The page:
BIG THUMBS UP FILM REVIEW RATING!
If ever there was a film to make you squirm, both internally and externally, this is it.
While watching this amazing little flick (90 minutes), my moral compass was spinning around as if I were standing at the North Pole - that's an acutely direct compliment to the acting and production of this movie but not necessarily its subject matter: the redemption of a pedophile.
As many of us would want, if we ever caught up with a child molester, we'd love to beat the crap out of him. Beat him to a pulp for stealing away the innocence of a child. Try to pound some moral sense into him (even in prison child molesters are held as subhuman and often beaten or killed.) But can we be judge, jury, and executioner - in any personal moral sense - because of what we "think we know" about a person and their serious societal flaws? These are tough questions which are all thrown at the viewer of THE WOODSMAN. Notice I said "thrown at" and not "forced upon". That's an important distinction. For not once did I feel that the script was trying to be sympathetic to criminals, police, or our society. The film shows you both the good and the bad.
The story flows around a recently paroled child molester, Walter (Kevin Bacon, MYSTIC RIVER), who now lives in a dumpy apartment in "Anywhere" USA. But problems immediately arise for Walter: his apartment, the only one that would allow him in, is directly across from a grade school playground; a cop comes by to harass him and tell him what a scumbag he still is; someone at his job finds out about his past and begins distributing flyers about him; and a child stalker (nicknamed "Candy") is prowling near the playground while Walter watches him with both disgust and anguish.
Throughout the film we also see Walter visiting his court appointed therapist, who asks tough questions, and Walter replies with equal brusqueness. He continually asks his therapist "When will I be normal?", feeling the weight of his "illness" every minute of every day. And this is an important set of narratives, because we see Walter wanting to be normal, we can feel the internal battle within him as he struggles with his past and his more uncertain future.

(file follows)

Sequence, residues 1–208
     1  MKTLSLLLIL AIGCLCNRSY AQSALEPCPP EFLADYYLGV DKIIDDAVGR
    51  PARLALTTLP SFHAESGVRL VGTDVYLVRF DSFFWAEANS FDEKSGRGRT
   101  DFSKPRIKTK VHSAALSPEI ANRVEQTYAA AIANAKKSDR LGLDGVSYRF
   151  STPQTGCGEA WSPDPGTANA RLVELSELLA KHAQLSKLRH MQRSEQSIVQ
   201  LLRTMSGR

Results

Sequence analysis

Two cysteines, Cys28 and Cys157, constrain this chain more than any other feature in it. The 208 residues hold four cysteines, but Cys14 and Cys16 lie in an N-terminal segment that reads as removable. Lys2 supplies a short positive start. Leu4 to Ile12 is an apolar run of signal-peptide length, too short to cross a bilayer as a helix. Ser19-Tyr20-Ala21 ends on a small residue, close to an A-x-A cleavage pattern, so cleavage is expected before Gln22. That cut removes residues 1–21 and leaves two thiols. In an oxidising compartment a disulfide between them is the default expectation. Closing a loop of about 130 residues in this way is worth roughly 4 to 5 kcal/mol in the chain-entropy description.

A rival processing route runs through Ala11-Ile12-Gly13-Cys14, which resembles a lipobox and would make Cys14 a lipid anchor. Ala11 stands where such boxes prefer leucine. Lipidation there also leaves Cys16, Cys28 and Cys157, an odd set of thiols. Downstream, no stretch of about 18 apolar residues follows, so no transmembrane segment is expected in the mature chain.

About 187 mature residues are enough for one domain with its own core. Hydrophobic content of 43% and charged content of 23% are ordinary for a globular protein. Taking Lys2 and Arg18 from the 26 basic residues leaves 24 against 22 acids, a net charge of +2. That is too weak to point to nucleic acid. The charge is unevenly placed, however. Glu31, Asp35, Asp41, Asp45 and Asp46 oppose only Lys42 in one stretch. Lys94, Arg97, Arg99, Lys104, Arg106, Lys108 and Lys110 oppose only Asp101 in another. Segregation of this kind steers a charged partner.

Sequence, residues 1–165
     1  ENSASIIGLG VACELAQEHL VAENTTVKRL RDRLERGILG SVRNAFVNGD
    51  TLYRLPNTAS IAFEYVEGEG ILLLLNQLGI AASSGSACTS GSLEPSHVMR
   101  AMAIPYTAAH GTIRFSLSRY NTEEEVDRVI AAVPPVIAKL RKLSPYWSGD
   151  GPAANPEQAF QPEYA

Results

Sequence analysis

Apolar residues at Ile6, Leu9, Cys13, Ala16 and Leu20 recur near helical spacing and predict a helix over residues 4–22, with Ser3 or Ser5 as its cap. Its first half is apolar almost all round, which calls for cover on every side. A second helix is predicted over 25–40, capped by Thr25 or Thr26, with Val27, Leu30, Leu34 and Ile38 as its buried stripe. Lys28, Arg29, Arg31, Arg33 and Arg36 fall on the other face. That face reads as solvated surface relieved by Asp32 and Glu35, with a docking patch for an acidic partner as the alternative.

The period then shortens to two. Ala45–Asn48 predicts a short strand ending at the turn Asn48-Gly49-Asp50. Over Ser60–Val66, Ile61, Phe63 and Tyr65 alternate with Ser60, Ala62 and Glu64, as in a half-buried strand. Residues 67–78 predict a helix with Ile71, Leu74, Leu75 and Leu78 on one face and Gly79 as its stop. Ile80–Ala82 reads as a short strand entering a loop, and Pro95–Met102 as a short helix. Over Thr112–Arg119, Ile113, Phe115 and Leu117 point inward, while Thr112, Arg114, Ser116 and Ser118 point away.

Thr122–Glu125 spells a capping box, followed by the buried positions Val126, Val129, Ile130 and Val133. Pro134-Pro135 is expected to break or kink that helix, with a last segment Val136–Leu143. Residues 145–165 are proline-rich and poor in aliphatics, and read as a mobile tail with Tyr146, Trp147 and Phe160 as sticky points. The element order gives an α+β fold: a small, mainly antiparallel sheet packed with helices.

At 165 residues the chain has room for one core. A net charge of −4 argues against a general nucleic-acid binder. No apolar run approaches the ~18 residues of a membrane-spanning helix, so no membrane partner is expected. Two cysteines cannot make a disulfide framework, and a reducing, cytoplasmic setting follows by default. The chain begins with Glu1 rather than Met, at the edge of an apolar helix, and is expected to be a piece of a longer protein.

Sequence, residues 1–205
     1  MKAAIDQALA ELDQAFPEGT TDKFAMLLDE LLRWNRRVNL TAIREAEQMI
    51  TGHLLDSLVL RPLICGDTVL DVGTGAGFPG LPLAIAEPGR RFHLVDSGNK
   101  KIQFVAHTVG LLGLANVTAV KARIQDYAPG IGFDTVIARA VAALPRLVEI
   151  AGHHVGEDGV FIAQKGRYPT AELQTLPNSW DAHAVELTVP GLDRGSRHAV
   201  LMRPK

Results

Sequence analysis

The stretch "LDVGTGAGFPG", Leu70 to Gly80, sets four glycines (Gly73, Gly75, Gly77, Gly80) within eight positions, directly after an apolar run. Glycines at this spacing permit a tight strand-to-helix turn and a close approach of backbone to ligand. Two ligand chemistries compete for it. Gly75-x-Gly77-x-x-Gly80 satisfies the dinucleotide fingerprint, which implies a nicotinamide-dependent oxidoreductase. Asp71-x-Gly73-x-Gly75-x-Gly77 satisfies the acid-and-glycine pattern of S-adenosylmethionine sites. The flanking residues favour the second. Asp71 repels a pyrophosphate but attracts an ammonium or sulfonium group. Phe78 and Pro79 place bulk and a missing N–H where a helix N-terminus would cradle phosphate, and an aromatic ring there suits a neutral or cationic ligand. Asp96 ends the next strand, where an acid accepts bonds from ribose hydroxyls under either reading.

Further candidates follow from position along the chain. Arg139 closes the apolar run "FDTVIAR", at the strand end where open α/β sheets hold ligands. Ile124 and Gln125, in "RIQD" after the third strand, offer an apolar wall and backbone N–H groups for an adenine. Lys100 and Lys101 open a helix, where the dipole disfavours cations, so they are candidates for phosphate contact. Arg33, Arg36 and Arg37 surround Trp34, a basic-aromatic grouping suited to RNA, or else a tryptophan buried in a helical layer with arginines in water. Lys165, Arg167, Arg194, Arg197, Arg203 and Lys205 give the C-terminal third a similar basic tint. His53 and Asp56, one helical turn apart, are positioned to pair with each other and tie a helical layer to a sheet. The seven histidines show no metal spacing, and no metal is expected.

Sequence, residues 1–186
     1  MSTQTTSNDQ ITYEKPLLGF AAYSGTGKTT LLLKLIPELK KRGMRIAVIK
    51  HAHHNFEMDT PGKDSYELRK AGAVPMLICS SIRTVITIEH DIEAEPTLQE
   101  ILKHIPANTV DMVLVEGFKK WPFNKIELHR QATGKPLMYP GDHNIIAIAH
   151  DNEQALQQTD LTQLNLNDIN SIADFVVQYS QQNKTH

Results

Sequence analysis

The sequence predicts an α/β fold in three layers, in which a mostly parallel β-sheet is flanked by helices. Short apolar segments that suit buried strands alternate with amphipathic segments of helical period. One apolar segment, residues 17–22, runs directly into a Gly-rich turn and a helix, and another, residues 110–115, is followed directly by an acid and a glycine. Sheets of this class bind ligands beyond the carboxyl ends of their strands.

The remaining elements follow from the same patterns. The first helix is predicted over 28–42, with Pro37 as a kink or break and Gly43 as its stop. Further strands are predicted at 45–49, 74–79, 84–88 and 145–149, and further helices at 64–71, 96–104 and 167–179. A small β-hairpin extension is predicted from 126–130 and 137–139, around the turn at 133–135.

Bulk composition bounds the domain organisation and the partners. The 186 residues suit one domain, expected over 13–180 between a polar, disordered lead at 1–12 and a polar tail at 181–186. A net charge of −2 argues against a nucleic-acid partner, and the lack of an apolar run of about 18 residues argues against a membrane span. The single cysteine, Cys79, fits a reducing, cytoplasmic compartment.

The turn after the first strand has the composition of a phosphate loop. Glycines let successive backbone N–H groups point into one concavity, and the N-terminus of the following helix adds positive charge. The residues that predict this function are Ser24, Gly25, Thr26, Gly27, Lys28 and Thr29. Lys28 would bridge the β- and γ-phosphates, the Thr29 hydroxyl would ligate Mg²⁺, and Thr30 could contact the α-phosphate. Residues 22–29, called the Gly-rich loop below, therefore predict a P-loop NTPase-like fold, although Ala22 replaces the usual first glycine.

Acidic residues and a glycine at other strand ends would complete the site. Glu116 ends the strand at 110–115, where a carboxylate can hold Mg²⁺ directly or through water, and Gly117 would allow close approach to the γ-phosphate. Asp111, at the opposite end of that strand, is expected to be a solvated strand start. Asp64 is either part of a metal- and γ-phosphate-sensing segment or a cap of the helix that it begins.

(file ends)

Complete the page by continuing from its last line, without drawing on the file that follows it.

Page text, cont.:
Added to the film is an attractive co-worker, Kyra Sedgwick (Kevin Bacon's real-life wife), who becomes a strange kind of girlfriend that Walter must confide in at some point. And when he finally does tell her why he was in prison, you could cut the tension surrounding both of them with a knife. I found myself holding my breath, waiting for her to respond to his history.
But if I held my breath for a moment there, I literally stopped breathing when Walter follows a young girl into a park and begins speaking with her. By this time in the film, most viewers probably are cheering for Walter to succeed in becoming a normal member of his community. We've felt the terrible pedophile lust trying to move away from this flawed man, and we're happy for him. But society won't leave him alone, and now he seems to be slipping back into some horrible old habits. Or is he? Can this child he follows into the park help The Woodsman be redeemed? It's amazing to me, too, that the title of the film is The Woodsman. This is the tale of Little Red Riding Hood who is cut from the Wolf's belly and removed unscathed. And the little girl Walter follows into the park, if you watch closely, is wearing a little red cape.
I'm going to leave my review here, as I don't want to give away too much more about what happens in the park (the pivotal moment of the film). But I will say that this is a terribly uncomfortable flick to watch, which is why you should. If you want to feel challenged in any real moral sense, this movie is your best bet.